How to Obtain Grape Shoots for Planting

Overview

Grapes were one of the earliest fruits to be cultivated, and they were harvested from wild vines long before they were domesticated. They're one of the longest-lived types of domestic vegetation today: A single grape vine can live up to 100 years if left in one place. But grape vines do not respond well to transplanting. Instead, new vines should be taken from cuttings. A grape vine will root easily from stem cuttings if obtaining grape shoots is done correctly.

Step 1

Select your shoots from a grape vine that is hardy and disease-free, with a history of producing superior grapes.

Step 2

Time your cutting for late fall or early spring when the vines are dormant.

Step 3

Sharpen a pair of pruning shears before making your cuttings to avoid pinching or bruising your vine.

Step 4

Soak a cloth in a bleach solution and swipe your shear blades with the cloth in between cuttings to prevent spreading disease.

Step 5

Cut sections from a cane that contains at least 3 points where grape leaves emerge from the cane. The point where the grape leaves emerge is called a node. Make each cut straight across the cane just below the node. The cut on the upper end of the cutting should be made at a 45 degree angle so you can tell the bottom from the top.

Step 6

Remove all vegetation from the cutting along the lower 2/3 of the plant. Dip the bottom of the cutting in rooting hormone.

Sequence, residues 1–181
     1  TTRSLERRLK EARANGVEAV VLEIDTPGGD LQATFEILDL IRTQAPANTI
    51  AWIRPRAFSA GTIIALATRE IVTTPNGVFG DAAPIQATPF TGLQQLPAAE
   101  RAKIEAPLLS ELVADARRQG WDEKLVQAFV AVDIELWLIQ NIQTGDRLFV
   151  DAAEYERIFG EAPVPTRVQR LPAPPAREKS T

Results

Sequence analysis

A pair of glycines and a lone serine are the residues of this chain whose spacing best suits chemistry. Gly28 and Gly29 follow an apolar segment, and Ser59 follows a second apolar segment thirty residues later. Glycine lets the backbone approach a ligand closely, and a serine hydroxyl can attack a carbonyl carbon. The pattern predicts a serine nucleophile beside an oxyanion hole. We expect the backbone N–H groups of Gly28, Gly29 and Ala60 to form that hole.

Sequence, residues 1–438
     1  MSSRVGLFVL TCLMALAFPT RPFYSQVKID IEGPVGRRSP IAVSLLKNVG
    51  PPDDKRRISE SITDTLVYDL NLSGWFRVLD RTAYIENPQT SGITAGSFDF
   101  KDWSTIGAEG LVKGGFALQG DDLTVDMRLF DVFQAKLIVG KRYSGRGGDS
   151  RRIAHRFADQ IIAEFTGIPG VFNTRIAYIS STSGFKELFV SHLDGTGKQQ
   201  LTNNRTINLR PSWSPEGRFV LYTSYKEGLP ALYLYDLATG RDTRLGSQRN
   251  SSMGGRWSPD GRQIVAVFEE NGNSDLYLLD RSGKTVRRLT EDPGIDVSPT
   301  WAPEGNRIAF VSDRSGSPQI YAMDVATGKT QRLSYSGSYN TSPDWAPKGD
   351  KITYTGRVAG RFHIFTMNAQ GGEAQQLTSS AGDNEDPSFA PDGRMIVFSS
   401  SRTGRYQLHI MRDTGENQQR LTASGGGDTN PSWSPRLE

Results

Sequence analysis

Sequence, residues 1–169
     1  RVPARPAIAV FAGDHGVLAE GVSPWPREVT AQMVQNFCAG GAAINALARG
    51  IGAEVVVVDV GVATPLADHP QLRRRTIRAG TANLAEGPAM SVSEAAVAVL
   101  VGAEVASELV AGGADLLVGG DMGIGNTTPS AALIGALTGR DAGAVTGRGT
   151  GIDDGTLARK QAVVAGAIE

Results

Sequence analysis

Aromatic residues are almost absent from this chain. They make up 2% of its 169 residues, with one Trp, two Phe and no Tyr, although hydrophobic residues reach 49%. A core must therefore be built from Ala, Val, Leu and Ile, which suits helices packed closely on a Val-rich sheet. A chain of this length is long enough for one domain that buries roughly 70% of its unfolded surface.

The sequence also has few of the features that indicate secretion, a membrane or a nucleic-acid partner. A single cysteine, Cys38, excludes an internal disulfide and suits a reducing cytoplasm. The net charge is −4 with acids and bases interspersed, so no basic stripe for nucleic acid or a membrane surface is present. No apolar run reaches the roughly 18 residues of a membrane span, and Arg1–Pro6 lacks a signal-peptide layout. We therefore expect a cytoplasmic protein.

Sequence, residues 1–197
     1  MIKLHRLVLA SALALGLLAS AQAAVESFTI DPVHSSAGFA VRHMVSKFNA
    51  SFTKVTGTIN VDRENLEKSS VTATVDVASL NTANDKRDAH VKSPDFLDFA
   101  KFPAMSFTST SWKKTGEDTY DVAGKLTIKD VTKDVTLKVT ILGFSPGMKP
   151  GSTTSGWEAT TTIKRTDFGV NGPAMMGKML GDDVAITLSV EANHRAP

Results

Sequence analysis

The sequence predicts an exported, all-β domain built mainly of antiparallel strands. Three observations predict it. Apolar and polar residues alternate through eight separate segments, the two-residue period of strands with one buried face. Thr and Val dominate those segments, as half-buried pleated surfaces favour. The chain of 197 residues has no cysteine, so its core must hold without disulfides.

Step 7

Fill a 6-inch container with peat moss and water until it is as wet as a wrung out sponge. Insert the cutting so that the second node is at the soil level. Loosely cover the cane with soil. Place the container in a humid environment such as a greenhouse, or cover it with a freezer bag and place in a sunny windowsill out of direct sunlight.

Step 8

Once cuttings have rooted, remove the freezer bag and move the plant outside if the temperatures are above freezing. Keep the plant out of direct sunlight and keep it outside for a few hours per day, leaving the plant outdoors for longer periods of time each day until the plant is "hardened off," or able to stay outside all day.

Step 9

Transplant the cutting into your vineyard once the cutting has been hardened off.

Things You'll Need

  • Grape vine
  • Pruning shears
  • Sharpeners
  • Bleach
  • Cloth
  • Rooting hormone
  • Peat moss
  • 6-inch container
  • Freezer bag

References

  • University of Minnesota Extension: Growing Grapes for Home Use
  • Oregon State University Extension: Growing Grapes in Your Home Garden
  • Ohio State University Extension: Midwest Grape Production Guide

Who Can Help

  • University of Florida IFAS Extension: Propagation of Woody Ornamentals by Cuttings
Keywords: taking grape cuttings, obtaining grape shoots, growing grapes

About this Author

Tracy S. Morris has been a freelance writer since 2000. She has published two novels and numerous online articles. Her work has appeared in national magazines and newspapers, including "Ferrets," "CatFancy," "Lexington Herald Leader" and "The Tulsa World."